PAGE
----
Pfizer Wins New Pediatric Approval for Atopic Dermatitis Ointment Eucrisa

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The U.S. FDA greenlit a new pediatric approval for Pfizer’s Eucrisa ointment in the treatment of mild-to-moderate atopic dermatitis, an inflammatory skin disease that impacts a large number of pre-adolescent children.

Pfizer announced late Monday that the FDA approved a supplemental New Drug Application for Eucrisa (crisaborole) ointment, 2%, that allows the use of the medication on children ages three months to 24 months old. The ointment had previously been approved for patients ages two and above in 2016. Pfizer said the approval makes Eucrisa, a topical phosphodiesterase (PDE4) inhibitor, the first and only steroid-free, topical prescription medication for mild-to-moderate AD patients as young as three months of age.

Atopic dermatitis is a chronic skin disease characterized by inflammation of the skin and skin barrier defects that affects nearly 18 million people and approximately 11% of children in the United States. One of the most common forms of atopic dermatitis, early onset atopic dermatitis, typically begins within the first two years of life. Pfizer said that nearly half, about 45%, of all atopic dermatitis cases begins within the first six months of life, and about 60% within the first year.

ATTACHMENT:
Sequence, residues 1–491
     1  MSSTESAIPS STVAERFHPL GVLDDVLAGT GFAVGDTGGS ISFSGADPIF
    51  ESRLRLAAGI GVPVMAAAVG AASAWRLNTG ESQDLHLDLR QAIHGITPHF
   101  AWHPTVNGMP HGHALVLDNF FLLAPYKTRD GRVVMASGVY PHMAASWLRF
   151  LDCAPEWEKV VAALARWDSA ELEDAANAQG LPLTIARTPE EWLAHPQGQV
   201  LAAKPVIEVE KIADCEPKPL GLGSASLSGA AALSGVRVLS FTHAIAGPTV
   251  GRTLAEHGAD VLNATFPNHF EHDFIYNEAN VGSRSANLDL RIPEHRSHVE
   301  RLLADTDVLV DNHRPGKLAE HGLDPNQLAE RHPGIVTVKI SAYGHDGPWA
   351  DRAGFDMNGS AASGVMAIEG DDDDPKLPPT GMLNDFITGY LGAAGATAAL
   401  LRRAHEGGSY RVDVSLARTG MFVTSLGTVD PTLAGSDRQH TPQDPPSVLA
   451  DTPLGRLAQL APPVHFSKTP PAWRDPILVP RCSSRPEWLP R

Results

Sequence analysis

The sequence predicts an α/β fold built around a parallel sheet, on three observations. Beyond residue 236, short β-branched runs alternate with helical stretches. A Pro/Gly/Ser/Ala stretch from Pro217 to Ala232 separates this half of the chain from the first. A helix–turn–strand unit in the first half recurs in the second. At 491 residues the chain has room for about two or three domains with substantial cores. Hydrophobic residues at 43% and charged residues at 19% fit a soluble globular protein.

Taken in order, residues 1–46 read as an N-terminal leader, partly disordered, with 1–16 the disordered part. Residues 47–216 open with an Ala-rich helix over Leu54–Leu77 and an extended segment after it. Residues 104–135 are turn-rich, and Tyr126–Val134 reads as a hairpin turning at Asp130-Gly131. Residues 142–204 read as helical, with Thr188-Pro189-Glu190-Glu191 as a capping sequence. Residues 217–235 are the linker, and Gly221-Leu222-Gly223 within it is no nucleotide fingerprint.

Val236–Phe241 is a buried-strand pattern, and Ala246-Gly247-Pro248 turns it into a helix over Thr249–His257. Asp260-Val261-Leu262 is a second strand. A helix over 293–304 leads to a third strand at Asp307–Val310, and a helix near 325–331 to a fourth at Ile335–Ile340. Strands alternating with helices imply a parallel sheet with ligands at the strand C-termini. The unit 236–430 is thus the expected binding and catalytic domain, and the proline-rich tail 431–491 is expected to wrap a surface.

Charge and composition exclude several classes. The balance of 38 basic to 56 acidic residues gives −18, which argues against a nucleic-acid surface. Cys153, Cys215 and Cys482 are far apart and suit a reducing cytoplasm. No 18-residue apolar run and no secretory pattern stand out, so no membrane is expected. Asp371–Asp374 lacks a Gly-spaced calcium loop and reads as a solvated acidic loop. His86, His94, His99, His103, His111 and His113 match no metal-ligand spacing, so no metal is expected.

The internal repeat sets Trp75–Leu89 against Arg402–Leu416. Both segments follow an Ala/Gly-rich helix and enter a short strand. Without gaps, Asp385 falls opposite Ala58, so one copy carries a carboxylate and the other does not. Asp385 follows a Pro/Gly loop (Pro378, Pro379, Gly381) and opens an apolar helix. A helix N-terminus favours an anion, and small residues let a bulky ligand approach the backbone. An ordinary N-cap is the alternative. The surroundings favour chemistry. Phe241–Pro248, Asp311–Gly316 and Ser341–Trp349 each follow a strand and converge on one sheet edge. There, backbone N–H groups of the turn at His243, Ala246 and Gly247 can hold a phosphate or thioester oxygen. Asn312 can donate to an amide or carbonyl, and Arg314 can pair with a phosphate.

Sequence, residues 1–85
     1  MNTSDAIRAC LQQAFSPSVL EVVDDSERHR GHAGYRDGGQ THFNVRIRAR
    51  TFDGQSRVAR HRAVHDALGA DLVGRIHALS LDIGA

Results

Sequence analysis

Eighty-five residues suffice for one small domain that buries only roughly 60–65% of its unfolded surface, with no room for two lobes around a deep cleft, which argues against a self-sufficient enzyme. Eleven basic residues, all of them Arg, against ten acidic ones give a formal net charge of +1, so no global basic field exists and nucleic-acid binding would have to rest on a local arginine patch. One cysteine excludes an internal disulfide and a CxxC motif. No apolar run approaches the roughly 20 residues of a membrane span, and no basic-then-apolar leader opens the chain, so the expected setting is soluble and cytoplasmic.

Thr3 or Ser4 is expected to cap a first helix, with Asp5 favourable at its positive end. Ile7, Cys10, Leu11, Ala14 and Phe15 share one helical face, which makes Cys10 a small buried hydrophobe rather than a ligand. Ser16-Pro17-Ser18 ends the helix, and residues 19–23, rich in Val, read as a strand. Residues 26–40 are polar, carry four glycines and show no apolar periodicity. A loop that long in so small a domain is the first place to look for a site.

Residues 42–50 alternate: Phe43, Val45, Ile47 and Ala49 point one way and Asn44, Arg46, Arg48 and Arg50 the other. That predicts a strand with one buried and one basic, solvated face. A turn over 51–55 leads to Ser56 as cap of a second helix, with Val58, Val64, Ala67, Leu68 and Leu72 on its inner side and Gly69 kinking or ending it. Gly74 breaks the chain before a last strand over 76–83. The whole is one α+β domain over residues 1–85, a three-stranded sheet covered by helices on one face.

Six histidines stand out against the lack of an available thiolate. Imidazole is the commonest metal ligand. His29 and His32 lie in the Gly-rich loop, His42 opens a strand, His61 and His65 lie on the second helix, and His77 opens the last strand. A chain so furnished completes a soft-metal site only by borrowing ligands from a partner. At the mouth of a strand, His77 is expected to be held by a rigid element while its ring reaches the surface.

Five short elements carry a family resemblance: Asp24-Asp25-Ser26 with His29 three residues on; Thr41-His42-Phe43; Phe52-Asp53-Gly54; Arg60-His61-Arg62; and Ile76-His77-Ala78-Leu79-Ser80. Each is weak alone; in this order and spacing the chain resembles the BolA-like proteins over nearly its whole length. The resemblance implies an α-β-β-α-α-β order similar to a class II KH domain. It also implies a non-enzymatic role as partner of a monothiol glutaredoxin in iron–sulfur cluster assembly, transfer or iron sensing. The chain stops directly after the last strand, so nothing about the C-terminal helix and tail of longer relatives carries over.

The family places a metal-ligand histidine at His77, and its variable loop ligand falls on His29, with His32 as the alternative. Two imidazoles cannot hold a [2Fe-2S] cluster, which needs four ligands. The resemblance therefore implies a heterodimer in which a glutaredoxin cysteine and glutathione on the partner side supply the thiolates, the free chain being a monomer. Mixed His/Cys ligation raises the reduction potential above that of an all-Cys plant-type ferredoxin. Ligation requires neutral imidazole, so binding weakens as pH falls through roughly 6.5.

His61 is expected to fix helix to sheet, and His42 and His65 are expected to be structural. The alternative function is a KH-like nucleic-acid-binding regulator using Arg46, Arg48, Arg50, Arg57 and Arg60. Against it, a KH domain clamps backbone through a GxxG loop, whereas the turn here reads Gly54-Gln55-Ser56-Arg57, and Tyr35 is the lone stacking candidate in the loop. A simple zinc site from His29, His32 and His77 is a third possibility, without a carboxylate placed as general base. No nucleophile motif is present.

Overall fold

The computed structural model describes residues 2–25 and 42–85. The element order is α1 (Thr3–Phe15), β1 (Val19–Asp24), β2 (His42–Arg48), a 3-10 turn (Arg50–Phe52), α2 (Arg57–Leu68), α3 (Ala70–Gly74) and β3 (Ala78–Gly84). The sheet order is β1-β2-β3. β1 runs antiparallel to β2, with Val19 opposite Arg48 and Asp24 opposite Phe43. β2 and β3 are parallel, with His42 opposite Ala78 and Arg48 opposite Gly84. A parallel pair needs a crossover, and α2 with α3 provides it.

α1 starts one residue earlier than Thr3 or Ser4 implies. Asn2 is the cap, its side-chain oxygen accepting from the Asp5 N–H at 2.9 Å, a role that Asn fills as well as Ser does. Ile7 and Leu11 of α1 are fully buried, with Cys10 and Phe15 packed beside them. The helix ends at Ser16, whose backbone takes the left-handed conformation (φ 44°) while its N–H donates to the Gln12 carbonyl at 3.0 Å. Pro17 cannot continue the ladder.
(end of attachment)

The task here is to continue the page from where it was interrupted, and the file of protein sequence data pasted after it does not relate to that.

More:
Richard Blackburn, president of Inflammation & Immunology at Pfizer, said that despite the fact that atopic dermatitis typically begins in infancy, there have been few approved treatment options for this patient population. He said the company is excited about being able to offer Eucrisa to this population and is now looking forward to its efforts to treat the youngest children suffering from eczema. Eucrisa has been approved to treat mild-to-moderate eczema in patients three months of age and older.

The approval for the expanded indication of EUCRISA was supported by data from a Phase IV, open-label, clinical study designed to assess the safety of crisaborole ointment in infants aged 3 months to less than 24 months with mild-to-moderate atopic dermatitis, with effectiveness as an exploratory endpoint. In this study, all of the patients had mild-to-moderate atopic dermatitis involving at least 5% treatable body surface area. In the study, crisaborole ointment, 2%, was well-tolerated and demonstrated effectiveness in patients with no new safety signals identified, Pfizer said.

The regulatory win follows Pfizer’s decision to postpone its annual Investor’s Day conference due to the ongoing COVID-19 pandemic. The conference was initially set to be held March 31. Pfizer intends to reschedule the event but has not yet set a date. Pfizer will work within the context of appropriate guidance from health authorities to determine a future date, the company said.

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